“Showers are friendly gatherings held in honor of a bride-to-be or in welcome of a new clergyman or in expectation of the arrival of the stork – for almost anything, in fact, that the imagination can invent. So, too, the setting for a shower can be almost anything – a luncheon, a dinner, an afternoon tea, an evening party, or even a morning coffee. The only distinguishing characteristic of the shower is the giving of presents to the guest of honor.” – Emily Post in her 1922 seminal book, Etiquette
While we’ve begun to move away from some of the most traditional etiquette practices (pretentiously kissing a lady’s hand, anyone?), there are still some suggestions that are good to follow. A tricky area around etiquette can be who should or shouldn’t host showers. Thankfully, there are people who figure these kinds of things out for a living! Here are some current guidelines for hosting showers.
In previous times, it was seen as inappropriate for a member of the bride’s family to host a bridal or wedding shower. Why? The Emily Post Institute, considered to be the end-all, be-all of etiquette knowledge, says, “Because the main point of a shower is to give gifts to the bride and it could seem as if her family was asking for gifts.” While it’s still considered a faux pas for an engaged couple to throw their own shower, it’s fine for anyone else to host. And, while they certainly are welcome to, bridesmaids and maids of honors are not required to host a shower.
While on the topic, it’s also good to know that “encore” bridal showers – or bridal showers for subsequent marriages – are absolutely fine to have, even if you had a shower for your first marriage. The main etiquette recommendation for these showers is to only invite close friends and family, with an exception being friends who were not invited to your first shower.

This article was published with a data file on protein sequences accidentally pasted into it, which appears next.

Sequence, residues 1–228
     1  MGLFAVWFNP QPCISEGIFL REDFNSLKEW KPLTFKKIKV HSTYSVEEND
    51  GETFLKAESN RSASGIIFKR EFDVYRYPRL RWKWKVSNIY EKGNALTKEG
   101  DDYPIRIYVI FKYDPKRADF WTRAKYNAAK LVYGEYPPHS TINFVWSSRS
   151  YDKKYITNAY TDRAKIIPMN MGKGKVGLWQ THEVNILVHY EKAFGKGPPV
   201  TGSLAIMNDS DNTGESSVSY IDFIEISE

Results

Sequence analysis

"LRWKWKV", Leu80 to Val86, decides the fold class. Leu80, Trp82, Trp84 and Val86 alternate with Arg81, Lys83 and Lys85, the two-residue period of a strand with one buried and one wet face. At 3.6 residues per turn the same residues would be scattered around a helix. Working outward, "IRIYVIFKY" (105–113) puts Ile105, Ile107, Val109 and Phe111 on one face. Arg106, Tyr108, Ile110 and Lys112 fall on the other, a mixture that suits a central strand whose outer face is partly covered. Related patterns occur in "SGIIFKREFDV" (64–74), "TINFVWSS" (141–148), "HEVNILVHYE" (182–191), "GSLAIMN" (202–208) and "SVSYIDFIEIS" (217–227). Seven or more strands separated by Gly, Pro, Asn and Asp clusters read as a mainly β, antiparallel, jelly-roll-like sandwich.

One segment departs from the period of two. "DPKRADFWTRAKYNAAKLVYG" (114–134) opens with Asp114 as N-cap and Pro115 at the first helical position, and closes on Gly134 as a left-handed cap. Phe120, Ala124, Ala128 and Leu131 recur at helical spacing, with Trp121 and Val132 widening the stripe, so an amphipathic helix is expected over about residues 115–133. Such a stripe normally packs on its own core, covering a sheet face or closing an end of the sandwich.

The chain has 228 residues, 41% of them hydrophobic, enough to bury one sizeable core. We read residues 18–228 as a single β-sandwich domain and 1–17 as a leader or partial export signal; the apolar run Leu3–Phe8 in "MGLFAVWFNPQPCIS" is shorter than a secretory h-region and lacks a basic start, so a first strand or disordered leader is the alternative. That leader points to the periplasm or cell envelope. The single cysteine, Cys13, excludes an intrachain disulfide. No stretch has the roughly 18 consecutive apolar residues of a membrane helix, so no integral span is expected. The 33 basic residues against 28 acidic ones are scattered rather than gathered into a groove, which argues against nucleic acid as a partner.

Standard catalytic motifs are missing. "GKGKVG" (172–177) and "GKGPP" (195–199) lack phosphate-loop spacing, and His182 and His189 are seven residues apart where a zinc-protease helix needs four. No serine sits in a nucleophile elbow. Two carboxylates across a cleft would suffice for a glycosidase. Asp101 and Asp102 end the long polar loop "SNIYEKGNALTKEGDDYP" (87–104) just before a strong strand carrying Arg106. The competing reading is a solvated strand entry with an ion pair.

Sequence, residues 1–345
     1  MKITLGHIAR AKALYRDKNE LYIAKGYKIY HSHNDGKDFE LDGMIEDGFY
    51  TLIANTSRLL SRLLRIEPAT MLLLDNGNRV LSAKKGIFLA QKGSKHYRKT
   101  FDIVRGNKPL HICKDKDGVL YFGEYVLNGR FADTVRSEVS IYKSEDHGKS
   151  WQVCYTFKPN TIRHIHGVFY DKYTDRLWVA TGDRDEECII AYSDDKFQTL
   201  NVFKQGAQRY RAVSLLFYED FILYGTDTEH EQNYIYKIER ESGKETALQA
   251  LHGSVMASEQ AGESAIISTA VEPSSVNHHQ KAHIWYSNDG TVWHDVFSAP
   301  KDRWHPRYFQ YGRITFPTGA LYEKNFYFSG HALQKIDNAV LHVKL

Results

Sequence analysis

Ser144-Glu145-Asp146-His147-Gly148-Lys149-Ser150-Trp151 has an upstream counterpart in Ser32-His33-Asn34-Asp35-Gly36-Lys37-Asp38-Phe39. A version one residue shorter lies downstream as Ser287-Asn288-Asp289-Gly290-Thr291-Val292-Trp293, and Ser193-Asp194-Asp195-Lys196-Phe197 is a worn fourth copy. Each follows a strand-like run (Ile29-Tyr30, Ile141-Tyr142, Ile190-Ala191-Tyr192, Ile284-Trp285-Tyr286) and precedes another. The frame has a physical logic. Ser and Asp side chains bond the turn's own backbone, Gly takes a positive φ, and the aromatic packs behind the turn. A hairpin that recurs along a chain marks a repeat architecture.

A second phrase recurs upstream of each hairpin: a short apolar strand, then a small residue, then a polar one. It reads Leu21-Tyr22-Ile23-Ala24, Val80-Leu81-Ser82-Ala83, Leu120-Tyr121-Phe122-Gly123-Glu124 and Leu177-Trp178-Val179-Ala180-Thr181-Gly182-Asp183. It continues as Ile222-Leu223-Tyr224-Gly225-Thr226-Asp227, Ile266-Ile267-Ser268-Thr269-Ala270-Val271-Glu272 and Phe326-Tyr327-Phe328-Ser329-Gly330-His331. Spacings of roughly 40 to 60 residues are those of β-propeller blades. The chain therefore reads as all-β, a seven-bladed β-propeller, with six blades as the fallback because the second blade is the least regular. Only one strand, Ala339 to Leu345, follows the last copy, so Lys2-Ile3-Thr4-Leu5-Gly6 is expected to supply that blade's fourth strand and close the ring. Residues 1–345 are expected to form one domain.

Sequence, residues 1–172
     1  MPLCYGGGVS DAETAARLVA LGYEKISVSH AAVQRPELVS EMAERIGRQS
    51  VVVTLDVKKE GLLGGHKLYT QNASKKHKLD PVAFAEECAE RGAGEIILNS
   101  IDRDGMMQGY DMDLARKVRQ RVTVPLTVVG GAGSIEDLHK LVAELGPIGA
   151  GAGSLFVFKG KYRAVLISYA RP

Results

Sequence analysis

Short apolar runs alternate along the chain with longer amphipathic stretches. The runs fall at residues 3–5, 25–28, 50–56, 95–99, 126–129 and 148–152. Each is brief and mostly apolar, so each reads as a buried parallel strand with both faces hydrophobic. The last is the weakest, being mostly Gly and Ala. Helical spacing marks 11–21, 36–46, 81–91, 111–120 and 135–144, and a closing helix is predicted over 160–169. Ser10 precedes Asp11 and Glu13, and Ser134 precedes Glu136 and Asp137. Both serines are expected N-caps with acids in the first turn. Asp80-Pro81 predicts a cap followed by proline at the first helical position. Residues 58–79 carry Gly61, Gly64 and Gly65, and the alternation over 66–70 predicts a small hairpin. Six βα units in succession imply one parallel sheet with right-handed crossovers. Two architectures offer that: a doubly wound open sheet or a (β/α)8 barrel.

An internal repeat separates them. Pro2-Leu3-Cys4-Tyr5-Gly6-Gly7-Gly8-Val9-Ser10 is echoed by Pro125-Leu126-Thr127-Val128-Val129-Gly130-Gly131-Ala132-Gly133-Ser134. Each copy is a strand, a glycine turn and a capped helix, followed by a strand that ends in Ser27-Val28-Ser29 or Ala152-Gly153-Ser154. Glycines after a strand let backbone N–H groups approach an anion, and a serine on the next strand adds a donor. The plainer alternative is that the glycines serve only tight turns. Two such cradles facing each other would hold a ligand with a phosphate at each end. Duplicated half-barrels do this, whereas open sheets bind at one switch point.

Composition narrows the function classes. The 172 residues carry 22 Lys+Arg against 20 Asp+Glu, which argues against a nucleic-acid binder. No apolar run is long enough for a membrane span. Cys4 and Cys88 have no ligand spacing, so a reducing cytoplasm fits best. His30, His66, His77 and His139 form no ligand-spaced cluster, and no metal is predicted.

If you’re a bride-to-be, you might be wondering if it’s appropriate to have more than one shower. The short answer? Yes! Just stick to the same invite rules as encore showers: only close friends and family are invited to multiple showers.
The Emily Post Institute says, “Traditionally, close friends, cousins, aunts, sisters-in-law, or co-workers of the mother-to-be hosted baby showers. Because gifts are central to showers, having a member of the honoree’s (or husband’s) immediate family host appeared self-serving. Today it is appropriate for anyone to host a baby shower, as long as there’s a legitimate reason. For example, some parents-to-be live far from their hometowns, and their mothers and siblings want to host a shower so that long-time friends can attend.” This advice falls right in line with bridal shower advice, making it easier to remember the “rules.”
What about showers for second or third children? Similar to encore bridal or wedding showers, baby showers for subsequent children are totally fine. Stick to the same invite rules – only close friends and family and those who weren’t invited to the first shower – and you’ll be fine.
If you’re planning on hosting a shower, you might be wondering when the “best” time to host a soiree is. It’s always safe to send out invitations 3-4 weeks before the event, and follow these guidelines for scheduling:
Bridal Showers: Typically hosted two months before the wedding date
Baby Showers: Typically hosted six weeks before the due date
These dates can be moved around slightly, according to the honoree’s needs and whether or not there are multiple showers being hosted or extenuating circumstances (such as travel, bed rest, or other unforeseen events).
The good news? Anyone but the honoree can host any kind of shower, so get to planning!